In the case of slanted deterministic coupling, with connectivity depicted in Figure 1B, chimera patterns are produced which are mostly traveling in the direction of the reflection symmetry axis of the kernel [56]. Because traveling is mostly accompanied by erratic motion, it is difficult to detect the fractality in the ω-profile. Figure 5 is a rare example of an immobile incoherent spot where a meaningful ω-profile can be calculated. In Figure 5A the uij-profile shows that the form of the chimera is not circular but takes the arrow-like shape of the seeding connectivity, Figure 1B. Besides u, also the ω−profile reflects the form of the connectivity matrix, Figure 5B.

FIGURE 5
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Figure 5. Chimera state with slanted fractal deterministic connectivity: (A) uij-profile and (B) ωij-profile. Parameters are σ = 0.2 and Tr = 0.1. All other parameters are as in Figure 2A. Simulations start from random initial conditions.

The external shape of the asymmetric spot, which mimics the perimeter of the oblique connectivity kernel, supports previous results in hierarchical 2D chimeras indicating that, for appropriate choices of (small) coupling strengths, the form of the kernel is mirrored in the ω-profile [45]. Here, the erratic motion of the pattern does not allow the observation of potential hierarchical internal structure in the ω−profile, induced as a result of fractal connectivity schemes as in Argyropoulos et al. [45]. A resolution of this issue involves the use of a comoving frame, but this is outside the scope of the present study.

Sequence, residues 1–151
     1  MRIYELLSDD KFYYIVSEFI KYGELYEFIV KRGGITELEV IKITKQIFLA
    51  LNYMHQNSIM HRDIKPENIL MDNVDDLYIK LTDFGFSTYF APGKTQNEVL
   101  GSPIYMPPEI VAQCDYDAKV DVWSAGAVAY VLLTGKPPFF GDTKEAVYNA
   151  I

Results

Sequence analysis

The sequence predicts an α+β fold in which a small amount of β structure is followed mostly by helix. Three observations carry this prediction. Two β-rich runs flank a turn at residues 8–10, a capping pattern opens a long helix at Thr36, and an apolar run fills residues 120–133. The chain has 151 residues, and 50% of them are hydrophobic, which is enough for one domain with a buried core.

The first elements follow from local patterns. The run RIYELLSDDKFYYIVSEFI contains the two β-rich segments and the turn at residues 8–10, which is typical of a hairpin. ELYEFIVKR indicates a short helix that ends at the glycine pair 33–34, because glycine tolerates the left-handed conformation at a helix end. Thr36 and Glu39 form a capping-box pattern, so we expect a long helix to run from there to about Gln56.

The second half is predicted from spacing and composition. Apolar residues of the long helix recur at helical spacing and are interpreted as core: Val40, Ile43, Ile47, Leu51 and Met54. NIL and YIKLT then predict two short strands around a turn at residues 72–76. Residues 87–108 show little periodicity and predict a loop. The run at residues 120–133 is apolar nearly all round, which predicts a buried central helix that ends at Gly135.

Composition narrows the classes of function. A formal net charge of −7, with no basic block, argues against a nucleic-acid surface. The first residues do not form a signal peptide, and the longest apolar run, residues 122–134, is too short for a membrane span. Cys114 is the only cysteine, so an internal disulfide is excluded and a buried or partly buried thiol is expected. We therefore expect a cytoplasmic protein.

4. Random Fractal Connectivity

Random connectivity is almost always asymmetric and this is the case we consider here. As a general observation the asymmetry of the connectivity pattern often causes motion of the chimera patterns. As an example, for σ = 0.2 and Tr = 0.5 an erratically traveling incoherent spot is formed, depicted in Figure 6. The incoherent spot potential profile, uij, seems to present some internal structure in the form of irregular vertical stripes (see Figure 6A). To make an analogy, we remind of the more regular, stripped structure that was reported in Figure 2 for deterministic symmetric coupling. Here, the kernel is non-symmetric and this fact together with the motion of the incoherent part makes it difficult to discern any fine details in its ω−profile (see Figure 6B). In Figure 6B the ω-profile has been calculated in time windows of size Δt = 30 time units, where the incoherent spot can be considered as almost immobile. As in all cases of traveling patterns, the use of a comoving frame could resolve possible patterns inside the incoherent part of the mean phase velocity profile. Different realizations of the fractal coupling matrix do not affect the number and sizes of the coherent and incoherent domains of the chimera pattern, provided that the fractal dimension and the hierarchical order are retained in the different realizations.

FIGURE 6
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Figure 6. Single mobile spot in random fractal connectivity. Parameters are σ = 0.2 and Tr = 0.5. All other parameters are as in Figure 2A. Simulations start from random initial conditions.